Posts about Ad

Open ads

More discussion about the notion of open ad networks: Here‘s the response of Chas Edwards of Federated Media to my post and column and here’s my reply.

The value of us

The Center for Media Research reveals that ad spending on citizens’ media (aka user-generated content, ugh) is doing the hockey-stick:

…[A]dvertising spending on user-generated online media – blogs, podcasts and RSS – did not begin until 2002, but this combined spending has grown to $20.4 million by the end or 2005, a 198.4% increase over the 2004 level. Spending on blog, podcast and RSS advertising is projected to climb another 144.9% in 2006 to $49.8 million. Some of the key growth drivers are continued audience fragmentation, the perceived ineffectiveness of traditional advertising, and the desire to reach the elusive 18- to 34 year-old demographic.

Some key findings:

* User-generated media remains primarily national in scope with 98.1%, or $20.0 million, of all advertising spending coming from the broader market in 2005.

I predict that the next phase will have local and nicheier content growing as the infrastructure for advertising on them gets easier and as smaller advertisers discover and learn about the opportunty.

* Blog advertising accounted for 81.4%, or $16.6 million, of total spending on user-generated online media in 2005, but blog ads will comprise only 39.7%, or $300.4 million, of overall spending in 2010

… as other citizens’ media — podcasts, vlogs, wiki products, and things not yet invented — grow. Witness:

* Podcast advertising totaled only $3.1 million in 2005, but is projected to reach $327.0 million in 2010, when it will account for 43.2% of all user-generated media advertising
* Spending on RSS (Really Simple Syndication) advertising totaled $650,000 in 2005 and will grow to $129.6 million in 2010
* Total spending on user-generated online media is forecast to grow at a compound annual rate of 106.1% from 2005 to 2010, reaching $757.0 million in 2010
* Technology was the largest single category at $4.0 million in 2005, due primarily to the technology-savvy early adopters of user-generated media
* Auto was the second largest marketing category, generating $3.9 million in 2005, as car manufacturers utilized user-generated media to market their higher-end models to the “influential” demographic…

[via MIT Advertising Lab]

Here’s my latest Guardian column pushing the idea of an open ad marketplace to support and explode citizens’ media. Much more on this later.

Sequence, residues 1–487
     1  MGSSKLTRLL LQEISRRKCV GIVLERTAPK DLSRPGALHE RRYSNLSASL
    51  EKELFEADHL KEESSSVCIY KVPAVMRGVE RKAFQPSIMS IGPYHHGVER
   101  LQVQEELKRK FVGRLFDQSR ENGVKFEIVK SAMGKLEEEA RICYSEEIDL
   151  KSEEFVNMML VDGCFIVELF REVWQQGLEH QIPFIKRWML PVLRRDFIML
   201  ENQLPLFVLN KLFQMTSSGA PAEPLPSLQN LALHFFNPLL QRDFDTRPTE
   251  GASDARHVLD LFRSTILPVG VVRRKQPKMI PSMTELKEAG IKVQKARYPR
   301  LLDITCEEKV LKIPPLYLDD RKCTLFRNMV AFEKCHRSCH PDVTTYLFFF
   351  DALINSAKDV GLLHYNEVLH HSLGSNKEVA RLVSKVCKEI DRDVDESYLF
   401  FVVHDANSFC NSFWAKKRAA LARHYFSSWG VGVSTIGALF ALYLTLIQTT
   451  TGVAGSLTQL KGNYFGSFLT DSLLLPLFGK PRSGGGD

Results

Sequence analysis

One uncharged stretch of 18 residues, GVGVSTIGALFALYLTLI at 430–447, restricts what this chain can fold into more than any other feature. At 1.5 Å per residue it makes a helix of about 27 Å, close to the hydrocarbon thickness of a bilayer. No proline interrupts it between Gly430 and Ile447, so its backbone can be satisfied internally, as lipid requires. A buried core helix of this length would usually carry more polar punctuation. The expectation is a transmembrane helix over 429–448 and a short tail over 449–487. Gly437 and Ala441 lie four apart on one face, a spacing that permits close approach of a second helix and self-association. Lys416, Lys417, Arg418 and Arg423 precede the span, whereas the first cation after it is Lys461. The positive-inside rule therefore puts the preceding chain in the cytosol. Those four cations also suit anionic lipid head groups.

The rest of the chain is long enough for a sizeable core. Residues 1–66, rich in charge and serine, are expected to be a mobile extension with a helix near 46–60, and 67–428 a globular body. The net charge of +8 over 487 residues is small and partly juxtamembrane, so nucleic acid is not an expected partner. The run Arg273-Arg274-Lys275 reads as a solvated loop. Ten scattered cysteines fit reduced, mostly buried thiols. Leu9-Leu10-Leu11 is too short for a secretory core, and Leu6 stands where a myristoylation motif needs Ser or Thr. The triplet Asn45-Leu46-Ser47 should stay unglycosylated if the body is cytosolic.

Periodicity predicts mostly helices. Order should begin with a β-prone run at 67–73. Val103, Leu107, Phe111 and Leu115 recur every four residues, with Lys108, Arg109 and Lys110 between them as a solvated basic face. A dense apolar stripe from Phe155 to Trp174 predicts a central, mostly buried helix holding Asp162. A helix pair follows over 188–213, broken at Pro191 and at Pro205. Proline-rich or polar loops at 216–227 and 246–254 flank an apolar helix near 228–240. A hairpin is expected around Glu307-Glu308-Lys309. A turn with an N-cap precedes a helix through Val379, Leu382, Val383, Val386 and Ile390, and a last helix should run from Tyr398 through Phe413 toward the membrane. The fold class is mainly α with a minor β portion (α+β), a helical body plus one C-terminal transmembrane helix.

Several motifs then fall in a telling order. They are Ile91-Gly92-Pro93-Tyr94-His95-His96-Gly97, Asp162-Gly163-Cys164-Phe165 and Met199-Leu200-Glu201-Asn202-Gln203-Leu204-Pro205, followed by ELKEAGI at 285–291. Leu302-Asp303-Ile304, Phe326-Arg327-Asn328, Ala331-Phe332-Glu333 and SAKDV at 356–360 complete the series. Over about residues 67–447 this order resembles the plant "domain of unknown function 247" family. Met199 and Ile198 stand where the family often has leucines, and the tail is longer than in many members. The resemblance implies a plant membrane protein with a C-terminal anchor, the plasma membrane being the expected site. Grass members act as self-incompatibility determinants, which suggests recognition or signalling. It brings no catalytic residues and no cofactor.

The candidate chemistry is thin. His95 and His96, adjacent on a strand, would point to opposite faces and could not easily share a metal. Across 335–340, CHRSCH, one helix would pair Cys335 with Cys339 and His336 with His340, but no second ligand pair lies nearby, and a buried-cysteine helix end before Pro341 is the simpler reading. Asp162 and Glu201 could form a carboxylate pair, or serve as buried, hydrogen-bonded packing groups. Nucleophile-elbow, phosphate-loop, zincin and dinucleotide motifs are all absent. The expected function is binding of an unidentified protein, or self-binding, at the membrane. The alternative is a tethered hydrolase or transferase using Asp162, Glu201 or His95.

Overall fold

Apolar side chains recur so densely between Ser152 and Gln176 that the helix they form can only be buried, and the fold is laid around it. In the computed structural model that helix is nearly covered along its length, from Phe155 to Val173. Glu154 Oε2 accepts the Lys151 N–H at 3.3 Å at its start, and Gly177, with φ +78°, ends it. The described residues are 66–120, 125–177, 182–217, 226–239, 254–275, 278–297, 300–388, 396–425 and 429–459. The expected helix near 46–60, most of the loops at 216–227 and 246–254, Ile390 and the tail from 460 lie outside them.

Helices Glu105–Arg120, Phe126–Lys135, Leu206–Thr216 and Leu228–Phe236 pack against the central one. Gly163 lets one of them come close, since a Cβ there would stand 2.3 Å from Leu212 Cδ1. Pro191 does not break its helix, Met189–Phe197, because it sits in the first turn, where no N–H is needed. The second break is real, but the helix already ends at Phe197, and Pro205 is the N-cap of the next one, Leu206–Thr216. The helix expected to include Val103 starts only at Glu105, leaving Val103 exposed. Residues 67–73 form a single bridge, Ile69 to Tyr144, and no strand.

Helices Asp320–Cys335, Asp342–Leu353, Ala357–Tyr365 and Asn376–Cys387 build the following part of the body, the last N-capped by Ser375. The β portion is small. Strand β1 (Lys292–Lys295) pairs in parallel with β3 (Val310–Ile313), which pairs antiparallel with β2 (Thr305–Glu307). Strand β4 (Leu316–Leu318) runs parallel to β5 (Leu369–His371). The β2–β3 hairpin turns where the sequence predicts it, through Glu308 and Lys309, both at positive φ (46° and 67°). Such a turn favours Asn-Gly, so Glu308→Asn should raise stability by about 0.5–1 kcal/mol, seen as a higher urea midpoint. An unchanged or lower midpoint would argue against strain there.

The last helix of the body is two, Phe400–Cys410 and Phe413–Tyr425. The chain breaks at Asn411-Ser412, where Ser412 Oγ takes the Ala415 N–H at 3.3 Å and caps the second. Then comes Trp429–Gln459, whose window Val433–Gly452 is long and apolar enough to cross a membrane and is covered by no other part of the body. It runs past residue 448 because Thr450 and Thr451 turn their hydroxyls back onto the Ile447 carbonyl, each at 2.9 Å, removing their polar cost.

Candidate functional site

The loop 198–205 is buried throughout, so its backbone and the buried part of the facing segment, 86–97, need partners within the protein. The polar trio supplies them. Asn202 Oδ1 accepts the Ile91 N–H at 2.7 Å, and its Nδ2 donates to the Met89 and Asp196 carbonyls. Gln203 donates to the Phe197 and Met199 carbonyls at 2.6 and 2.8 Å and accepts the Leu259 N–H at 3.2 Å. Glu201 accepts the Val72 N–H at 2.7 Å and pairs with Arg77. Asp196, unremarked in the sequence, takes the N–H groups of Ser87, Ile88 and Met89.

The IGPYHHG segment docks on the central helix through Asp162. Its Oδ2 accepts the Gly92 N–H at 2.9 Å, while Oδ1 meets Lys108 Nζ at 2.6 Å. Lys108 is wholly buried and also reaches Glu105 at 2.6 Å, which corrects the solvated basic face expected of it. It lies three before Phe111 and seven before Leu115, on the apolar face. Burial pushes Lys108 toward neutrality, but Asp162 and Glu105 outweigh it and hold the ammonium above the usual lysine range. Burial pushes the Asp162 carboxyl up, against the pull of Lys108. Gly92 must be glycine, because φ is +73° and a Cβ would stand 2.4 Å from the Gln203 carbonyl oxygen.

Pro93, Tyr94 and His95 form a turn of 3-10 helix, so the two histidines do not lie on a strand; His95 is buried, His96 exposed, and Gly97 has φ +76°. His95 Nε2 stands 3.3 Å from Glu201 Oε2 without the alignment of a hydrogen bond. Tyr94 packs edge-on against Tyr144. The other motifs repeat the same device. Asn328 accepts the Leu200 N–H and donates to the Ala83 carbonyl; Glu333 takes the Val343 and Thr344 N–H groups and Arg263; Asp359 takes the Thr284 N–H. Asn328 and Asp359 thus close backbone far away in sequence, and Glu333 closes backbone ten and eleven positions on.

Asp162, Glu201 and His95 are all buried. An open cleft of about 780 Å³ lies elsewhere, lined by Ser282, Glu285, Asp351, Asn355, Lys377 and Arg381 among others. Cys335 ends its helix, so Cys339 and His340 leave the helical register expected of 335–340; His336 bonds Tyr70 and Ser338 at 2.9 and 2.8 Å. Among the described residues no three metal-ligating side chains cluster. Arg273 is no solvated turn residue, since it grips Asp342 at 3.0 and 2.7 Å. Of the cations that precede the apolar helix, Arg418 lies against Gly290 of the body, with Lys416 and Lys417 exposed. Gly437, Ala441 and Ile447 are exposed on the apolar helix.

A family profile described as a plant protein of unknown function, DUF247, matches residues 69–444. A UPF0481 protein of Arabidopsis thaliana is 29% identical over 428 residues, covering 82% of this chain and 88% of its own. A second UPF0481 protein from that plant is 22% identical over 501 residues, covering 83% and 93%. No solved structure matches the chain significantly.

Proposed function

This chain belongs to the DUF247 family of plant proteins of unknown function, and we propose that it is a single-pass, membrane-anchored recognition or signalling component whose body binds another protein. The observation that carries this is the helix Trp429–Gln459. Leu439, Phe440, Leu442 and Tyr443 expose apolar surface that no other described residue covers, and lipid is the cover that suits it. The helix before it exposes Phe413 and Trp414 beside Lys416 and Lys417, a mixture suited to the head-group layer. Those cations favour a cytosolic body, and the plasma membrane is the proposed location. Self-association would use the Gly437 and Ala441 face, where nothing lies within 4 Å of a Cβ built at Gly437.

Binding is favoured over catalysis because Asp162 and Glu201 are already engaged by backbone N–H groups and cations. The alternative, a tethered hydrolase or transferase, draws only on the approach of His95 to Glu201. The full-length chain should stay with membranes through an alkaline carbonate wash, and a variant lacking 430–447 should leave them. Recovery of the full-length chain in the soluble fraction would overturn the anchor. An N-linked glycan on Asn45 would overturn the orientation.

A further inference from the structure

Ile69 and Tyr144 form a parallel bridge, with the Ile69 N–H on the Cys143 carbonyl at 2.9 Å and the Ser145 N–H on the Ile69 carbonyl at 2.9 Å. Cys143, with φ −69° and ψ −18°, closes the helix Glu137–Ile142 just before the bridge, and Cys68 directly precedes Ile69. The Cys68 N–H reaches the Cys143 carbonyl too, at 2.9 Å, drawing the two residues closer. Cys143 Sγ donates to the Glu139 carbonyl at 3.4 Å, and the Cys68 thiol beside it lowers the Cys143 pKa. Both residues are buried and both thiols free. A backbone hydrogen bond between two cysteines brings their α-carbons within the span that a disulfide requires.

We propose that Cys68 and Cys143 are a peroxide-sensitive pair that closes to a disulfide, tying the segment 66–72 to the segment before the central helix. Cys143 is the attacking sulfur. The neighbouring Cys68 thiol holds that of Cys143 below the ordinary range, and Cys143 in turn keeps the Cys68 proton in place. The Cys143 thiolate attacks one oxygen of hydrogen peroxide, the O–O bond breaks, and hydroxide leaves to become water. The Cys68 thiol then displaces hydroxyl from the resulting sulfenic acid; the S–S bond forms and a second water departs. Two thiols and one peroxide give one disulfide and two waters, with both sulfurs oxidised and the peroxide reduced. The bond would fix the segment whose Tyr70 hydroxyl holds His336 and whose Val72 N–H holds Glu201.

Fred and Barney meet

Two groups of media’s moneymen held their confabs this week and they each spent some time self-flaggellating, as well they should.

The Times reports from the American Association of Advertising Agencies:

“I think our industry would be better if agencies were as comfortable with change as we like to tell clients they should be,” said Ron Berger, chief executive and chief creative officer for the New York and San Francisco offices of Euro RSCG Worldwide, part of Havas.

“I think our industry would be better if all of the people who speak at industry functions and say ‘It’s all about big ideas’ actually had a few” …

And Jon Fine reports in Business Week on the meeting of the Newspaper Association of America:

This year’s opening event was at the magnificent Field Museum, on a large open floor bookended by two massive dinosaur skeletons. Many attendees joked about this. To the executive to whom I said such an obvious metaphor would never, ever, appear in this column: I lied….

At the podium, Jay R. Smith, Cox Newspapers’ president and outgoing NAA chairman, gives a valedictory with the broad theme of “stop whining.” It begins with and repeatedly uses the phrase, “It wasn’t supposed to turn out like this.” He also says: “The world changed a lot. Newspapers changed a little.” …

And Washington Post Publisher Donald Graham tells the group when discussing newspaper strategy that “the only honest answer is we don’t know how our future will work out.”

OK, let the flaggellating end. Let the overdue strategizing finally begin. The time for mourning the past is long over. The time for shrugging at the future is over, too. You no longer get points for admitting that you’re in a mess. You only get points for taking brave action to get out of it.